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thomasarm

American Man Dating Turkish Woman

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Merhaba! ThomasArm. I just read your entire story. Very interesting indeed. What's the latest update on your situation with Seda? I hope you two worked it out. I am about to become romantically involved with a Turkish woman next month. I am Turkish(speaking as well) and my parents live in Turkey and I will be seeing her next month for two weeks. I live in the U.S.

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Where did you go man. You should at least have a monthly update lol. It was interesting reading your story. Hope everything works out for the best. Best wishes. 

Steven

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Hello all,

Just a quick update and sorry it's been a long time since my last post. 

I have been presented with a financial offer to work as an English teacher in Samsun for the 2016-17 school year. 

I am so excited to finally give Seda and I a chance to succeed. There will certainly be some difficult times moving away from my friends and family, but I am so excited to be finally living in the same city as her. 

I can't remember if I've updated any where since my last visit to Turkey when I met Seda's mother and father. It was a quick meeting but it was great to meet with them. Her Dad was really nice and likes me (according to Seda, and I felt the same) however, her mother is going to require some patience. 

There are many details that you all may find interesting, so feel free to ask any questions. Seda will be visiting me in about a months time so we are very much looking forward to that. 

Thanks to those who have supported and followed this since the beginning. True love does happen, and while it's not always easy, it's worth every effort to keep a good woman's love. Long distance, language barrier, cultural barriers, none of this has to matter in the end. 

Hope everyone is well here. 

Best wishes, 

Thomas 

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I'm glad you asked and happy you've been following. 

To answer your first question:The meeting of the parents went fairly well. Her father was very friendly, smiled, and gave off a good positive vibe. Her mother was essentially the opposite, very negative with a sour look on her face. It's been a year since then and her mom has come around--she likes me and wants us to marry, but is afraid that we'll move to America and leave them to grow old alone. I understand her position and I'm not sure what the future holds, but I'm sure we'll figure out a way to spend some time in Turkey and some in America, because neither of us are prepared to leave our friends, family, home country, etc.  permanently.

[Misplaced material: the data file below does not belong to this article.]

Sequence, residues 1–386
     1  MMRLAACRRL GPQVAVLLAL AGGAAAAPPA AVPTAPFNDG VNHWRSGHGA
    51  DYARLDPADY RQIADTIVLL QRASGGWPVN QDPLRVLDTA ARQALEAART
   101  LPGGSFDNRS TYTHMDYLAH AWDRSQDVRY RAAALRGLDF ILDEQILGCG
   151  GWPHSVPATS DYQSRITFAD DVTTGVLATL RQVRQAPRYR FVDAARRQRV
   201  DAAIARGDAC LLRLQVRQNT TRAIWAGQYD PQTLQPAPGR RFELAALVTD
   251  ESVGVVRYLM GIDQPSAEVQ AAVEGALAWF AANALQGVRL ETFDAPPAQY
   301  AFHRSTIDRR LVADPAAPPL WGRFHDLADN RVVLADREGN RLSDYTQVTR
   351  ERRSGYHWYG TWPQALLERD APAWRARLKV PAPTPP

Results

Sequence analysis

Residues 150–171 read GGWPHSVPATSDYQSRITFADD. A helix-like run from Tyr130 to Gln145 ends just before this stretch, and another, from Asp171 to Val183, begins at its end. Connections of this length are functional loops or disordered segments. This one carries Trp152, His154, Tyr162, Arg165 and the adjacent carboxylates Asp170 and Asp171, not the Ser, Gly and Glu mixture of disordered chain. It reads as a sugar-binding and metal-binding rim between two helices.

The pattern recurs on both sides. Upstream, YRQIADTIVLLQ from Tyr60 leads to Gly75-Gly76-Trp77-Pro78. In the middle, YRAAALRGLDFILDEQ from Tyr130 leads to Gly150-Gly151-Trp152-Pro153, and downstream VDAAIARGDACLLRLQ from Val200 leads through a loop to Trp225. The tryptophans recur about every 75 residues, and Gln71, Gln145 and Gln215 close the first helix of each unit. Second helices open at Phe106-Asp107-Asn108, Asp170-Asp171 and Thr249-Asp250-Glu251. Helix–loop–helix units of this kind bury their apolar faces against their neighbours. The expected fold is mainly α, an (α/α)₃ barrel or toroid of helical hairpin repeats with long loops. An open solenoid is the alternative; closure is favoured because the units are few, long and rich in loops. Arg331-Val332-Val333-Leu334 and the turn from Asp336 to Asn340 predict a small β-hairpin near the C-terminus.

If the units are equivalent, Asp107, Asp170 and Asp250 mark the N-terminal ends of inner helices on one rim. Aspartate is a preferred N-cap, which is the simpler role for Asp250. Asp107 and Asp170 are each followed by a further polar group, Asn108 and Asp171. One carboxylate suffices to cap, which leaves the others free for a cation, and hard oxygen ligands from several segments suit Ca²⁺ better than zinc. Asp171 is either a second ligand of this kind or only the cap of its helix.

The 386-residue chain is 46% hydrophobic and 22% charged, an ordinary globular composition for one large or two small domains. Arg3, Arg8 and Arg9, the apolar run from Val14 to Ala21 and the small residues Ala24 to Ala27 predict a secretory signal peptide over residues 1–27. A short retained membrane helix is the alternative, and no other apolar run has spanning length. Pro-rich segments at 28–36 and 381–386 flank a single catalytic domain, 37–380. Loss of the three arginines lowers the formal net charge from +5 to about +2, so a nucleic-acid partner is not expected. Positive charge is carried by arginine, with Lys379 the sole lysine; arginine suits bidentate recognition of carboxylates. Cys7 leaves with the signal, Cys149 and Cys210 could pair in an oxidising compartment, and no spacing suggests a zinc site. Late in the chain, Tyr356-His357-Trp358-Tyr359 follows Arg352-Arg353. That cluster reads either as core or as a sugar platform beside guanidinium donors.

It really depends on the parents but in general I would number 1 try to learn some Turkish and practice it so you are confident. Just a few phrases like nice to meet you and how are you. It will show a lot of respect and Turks really appreciate when foreigners try to speak their language. It's a sign of respect. I guess you can try to kiss the back of their hand and put it to your forehead. It's something you do with elders. In my case her father just wanted the traditional cheek to cheek greeting but her mom allowed me to do the hand to forehead deal. 

Honestly just try to be confident and relaxed, I was tooo nervous and I think they saw it as a sign of weakness(harsh way to put it but I can't think of another way of saying it) --they never said that or anything but I came to that conclusion on my own. If you smoke, don't smoke in front of them. Try to smile, make eye contact, etc. Turks are very friendly and welcoming, even if the parents aren't at first. If you are a good person and make their daughter happy, they will learn to accept you. 

Hope that helps--there might be some more tips and tricks but I tried to respond to this while I have time. I'm sure others on here can help too. 

Cheers! 

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For the record...I never met my Father in law until 1 week before the wedding to his only daughter.

We'll be married 10 years next May....we have a 6 year old son & have hopped between the US & Turkey since then & now. 

Granted, everyone else in the family other than my FiL knew what was up lol.  We even had her Mom pop over for visits while we were in D.C. & in Little Rock...that's one way to maybe bring her around as well...didn't need to in our case, but wanted to show her America (at the time).  We recently bought property in Izmir...as my wife is from Izmir as well (the 35 has the BEST ladies...FACTS!). 

My advice to you is...GET MARRIED IN TURKEY.  You will avoid having to get a K1 visa and having to be separated again.  TRUST me...I have done it...get married there & get the marriage documents translated & notarized, & apply for residency well in advance.  Any questions just ask...although things may have changed...a good Turkish lawyer can assist.

-Phil

 

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If you do intend to get married in Turkey make sure that you have the correct permits and paperwork . I am British and intended to get married in Turkey but my local registrars office in the UK was in the process of moving to a new location so  the paperwork was delayed.

In the end we had the wedding party in Turkey, followed by honeymoon in Cyprus and actually got married in England six months later.

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What a great story Phil. You deserve some credit for pulling that off in the end. Congratulations on your successful marriage and child, very cool to hear.

If you don't mind me asking, what line of work are you in? We're  hoping to do what you've done and hop between America and Turkey, but I've yet to figure out exactly how that would work with employment for the both of us, etc. 

I appreciate your advice and I think I will contact a lawyer here. We are planning to get married in February during my semester break, and my family is planning on making the trip - very exciting times..